Timed Voiding

This is a bit more time consuming- it will require you visit the bathroom frequently to urinate, typically between 1 ½ – 2 hours. This is an especially effective treatment for children.

As the bladder spasms begin to get better and the individual is experiencing fewer accidents, the time between bathroom trips can be increased.

Pelvic Floor Exercises, or Kegels

Kegel exercises and other physical therapy methods can help to relax and strengthen the bladder and the other muscles involved in helping the body hold in urine.

Kegel exercises, along with biofeedback, are an excellent way to reduce bladder spasms in children.

To tighten your pelvic floor muscles, simply squeeze them in the same way you would if you were trying to stop the flow of urine or keep yourself from passing gas.

You should be aware that Kegel exercises do take lots of practice. If you tighten the wrong muscle, it can cause an increase in pressure on your bladder. Speak with your doctor to get more specific instructions.


There are several medications that are often used to control bladder spasms. These are known as anticholinergics. A common side effect of these medications is dry mouth. Common medications include the following:

  • Tolterodine tartrate
  • Oxybutynin chloride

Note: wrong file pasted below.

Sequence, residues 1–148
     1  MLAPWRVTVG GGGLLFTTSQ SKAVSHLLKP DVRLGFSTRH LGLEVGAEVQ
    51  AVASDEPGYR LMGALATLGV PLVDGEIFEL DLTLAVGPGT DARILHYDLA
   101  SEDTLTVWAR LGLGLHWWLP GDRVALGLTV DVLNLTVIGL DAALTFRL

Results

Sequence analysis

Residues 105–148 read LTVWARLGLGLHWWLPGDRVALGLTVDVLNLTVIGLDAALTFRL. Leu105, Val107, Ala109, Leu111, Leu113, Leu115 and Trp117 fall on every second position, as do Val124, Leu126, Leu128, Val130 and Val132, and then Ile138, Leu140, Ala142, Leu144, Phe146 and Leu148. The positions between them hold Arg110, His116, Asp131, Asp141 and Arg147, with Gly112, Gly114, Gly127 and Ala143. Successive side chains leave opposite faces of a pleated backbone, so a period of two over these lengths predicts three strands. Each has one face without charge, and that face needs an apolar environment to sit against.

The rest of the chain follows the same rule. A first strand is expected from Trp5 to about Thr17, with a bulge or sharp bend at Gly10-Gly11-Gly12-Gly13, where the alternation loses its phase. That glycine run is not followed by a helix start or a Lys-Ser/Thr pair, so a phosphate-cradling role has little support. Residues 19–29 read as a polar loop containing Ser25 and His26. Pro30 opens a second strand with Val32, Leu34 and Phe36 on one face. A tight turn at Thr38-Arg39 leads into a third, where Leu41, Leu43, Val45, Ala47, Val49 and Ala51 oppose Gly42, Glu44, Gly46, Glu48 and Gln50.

• Darifenacin
  • Oxybutynin
  • Trospium chloride
  • Solifenacin

Doctors also sometimes prescribe an antidepressant- imipramine, which helps to relax the bladder and reduce bladder spasming. Medications such as doxazosin or terazosin, which are alpha-blockers, could be given to help the bladder to empty completely and relax.


TENS, or transcutaneous electrical nerve stimulation, is electrical stimulation through the skin. In this form of treatment, patches are applied to the skin, through which mild electrical pulses are sent to the bladder.

Experts believe that the electrical signals increase the flow of blood and also release hormones that block the pain. TENS is also used to relieve back and muscle pain.

Doctors believe that increased blood flow to the bladder helps to make it stronger, reducing leakage and spasms.

Electrical Stimulation Implant, or Inter-Stim

If you have severe spasms and urge incontinence that does not respond to other treatments, your doctor will most likely recommend this.

In this therapy, an electrode is placed just under your skin that delivers gentle electrical pulses to your bladder at regular intervals.

Pain Medications/Sedatives

Individuals who have spasms related to catheter use after surgery could be given these. However, they don’t always take away the discomfort.

Some research has shown that a prescription anti-inflammatory could relive or possibly even prevent surgery- or catheter- related bladder spasms in children. This prescription is known as ketorolac.

Alternative/Complementary Therapies


Some research has revealed that acupuncture therapy that targets the bladder could significantly reduce contractions of the bladder and control the urge to urinate.


As mentioned before, some physicians use biofeedback to control bladder spasms. This is a treatment method that teaches the mind how to control bodily functions that are typically subconscious.

Training your bladder is a form of biofeedback. Some physicians believe that this method and behavioral changes work much better than medications for treating urge incontinence. A combination of this and medications could be the best solution.